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XXI.


ST. PAUL'S DOCTRINE OF THE ANOINTING.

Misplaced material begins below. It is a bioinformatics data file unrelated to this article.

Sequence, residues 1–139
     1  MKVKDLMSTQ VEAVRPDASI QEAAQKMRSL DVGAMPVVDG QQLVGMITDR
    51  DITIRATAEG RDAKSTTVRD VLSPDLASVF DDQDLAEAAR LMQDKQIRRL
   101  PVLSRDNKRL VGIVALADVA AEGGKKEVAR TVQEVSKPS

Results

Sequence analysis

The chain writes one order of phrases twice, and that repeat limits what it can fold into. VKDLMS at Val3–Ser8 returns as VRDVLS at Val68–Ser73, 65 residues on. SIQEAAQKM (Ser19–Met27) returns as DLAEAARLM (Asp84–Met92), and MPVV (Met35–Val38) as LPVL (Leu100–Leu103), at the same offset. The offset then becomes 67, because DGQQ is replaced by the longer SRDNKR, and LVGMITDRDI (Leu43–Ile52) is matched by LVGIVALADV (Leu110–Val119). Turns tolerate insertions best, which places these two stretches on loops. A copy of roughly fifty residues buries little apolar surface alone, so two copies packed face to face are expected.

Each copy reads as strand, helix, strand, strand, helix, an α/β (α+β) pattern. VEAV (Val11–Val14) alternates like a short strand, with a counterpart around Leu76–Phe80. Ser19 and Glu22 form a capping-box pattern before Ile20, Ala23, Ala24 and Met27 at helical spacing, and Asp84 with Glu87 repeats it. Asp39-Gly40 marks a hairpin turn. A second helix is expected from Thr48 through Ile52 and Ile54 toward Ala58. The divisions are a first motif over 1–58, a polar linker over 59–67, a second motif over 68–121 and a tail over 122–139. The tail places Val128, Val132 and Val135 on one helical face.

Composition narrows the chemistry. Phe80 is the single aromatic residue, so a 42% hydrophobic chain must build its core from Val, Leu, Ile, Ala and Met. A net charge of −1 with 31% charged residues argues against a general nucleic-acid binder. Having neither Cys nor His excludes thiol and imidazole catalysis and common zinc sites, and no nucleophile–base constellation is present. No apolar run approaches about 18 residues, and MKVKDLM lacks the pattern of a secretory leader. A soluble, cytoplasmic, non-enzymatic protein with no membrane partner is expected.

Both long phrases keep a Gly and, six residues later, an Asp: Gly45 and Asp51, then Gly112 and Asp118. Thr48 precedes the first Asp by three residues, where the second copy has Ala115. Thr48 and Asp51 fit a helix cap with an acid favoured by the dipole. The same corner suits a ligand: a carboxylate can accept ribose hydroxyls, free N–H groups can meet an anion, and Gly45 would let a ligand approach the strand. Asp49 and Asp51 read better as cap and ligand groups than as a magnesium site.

Anointing in the holy Scriptures is either material, with oil, or spiritual, with the Holy Spirit. At his baptism Jesus was baptized with the Spirit, the first person in human history to receive this highest honor possible for men to receive or for heaven to bestow. For in the Old Testament, anointing was the official inauguration into three of the highest offices of the Hebrew nation — king and prophet (1 Kings 19:16), high priest (Lev. 16:32), and king (1 Sam. 9:16). These three offices were typical of a great personality to come in the latter days, called the Messiah, the Christ, or the Anointed One (Psa. 2:2; Dan. 9:25, 26; Luke 4:18). The nature of this anointing is foretold as spiritual: "The Spirit of the Lord is upon me: because the Lord hath anointed me to preach good tidings to the meek." Jesus of Nazareth appropriated this prophecy when he said, "This day is this Scripture fulfilled in your ears." This spiritual anointing being one of his chief credentials, the fact is recorded in John 1:32, 33; Acts 4:27; 10:38. But the astonishing fact that this unique honor may be shared by all his true disciples, however humble and obscure, down through all the coming generations, was not clearly revealed in the Gospels. It was one of those truths which even his apostles were not able to understand till they had received the anointing itself on the day of Pentecost (2 Cor. 1:21). Says Paul to the Corinthians, "Now he which stablisheth us with you in Christ, and hath anointed us, is God." More exact is Meyer: "He who makes us steadfast after he has anointed us." This shows the relation of this anointing to the development and stability of the Christian character. To anoint the eyes with eye-salve is a figurative description of that instantaneous purging of the inward eye of the film of inbred sin by the incoming of the Sanctifier, imparting the power of clear spiritual perception (Rev. 3:18). All that is said about the anointing as the privilege of all believers occurs very naturally after Pentecost. Hence the Greek χρσμα (chrisma) is not found in the four Gospels; and it occurs in the New Testament only three times, and all of them in the First Epistle of John: "But ye have an unction from the Holy One, and ye know all things." — 2:20. In my limitation of "all things" to all spiritual truths, "necessary to life and godliness," I was once criticized by Gilbert Haven, editor of Zion's Herald. He said that my exclusion of philosophy and science from the "all things" was a needless limitation, since Christianity is the tree on whose branches all kinds of knowledge are found in perfection. There is a large kernel of truth in the criticism of my translated friend. The most Christian nations are the most scholarly, inventive, and progressive. Those who have the least of God's Spirit have the least intelligence. Many an individual. quickened by the Holy Ghost, has been aroused from mental stagnation to an inquiry after truth, which has led him through the whole range of biblical truth and its out-branchings into all the sciences and philosophies. The unction of the Holy Spirit is the highway to all knowledge. This is especially true of an insight into theology. Says that seraphic Scotchman, Samuel Rutherford, "If you would be a deep divine, I recommend to you sanctification"; i.e., the anointing.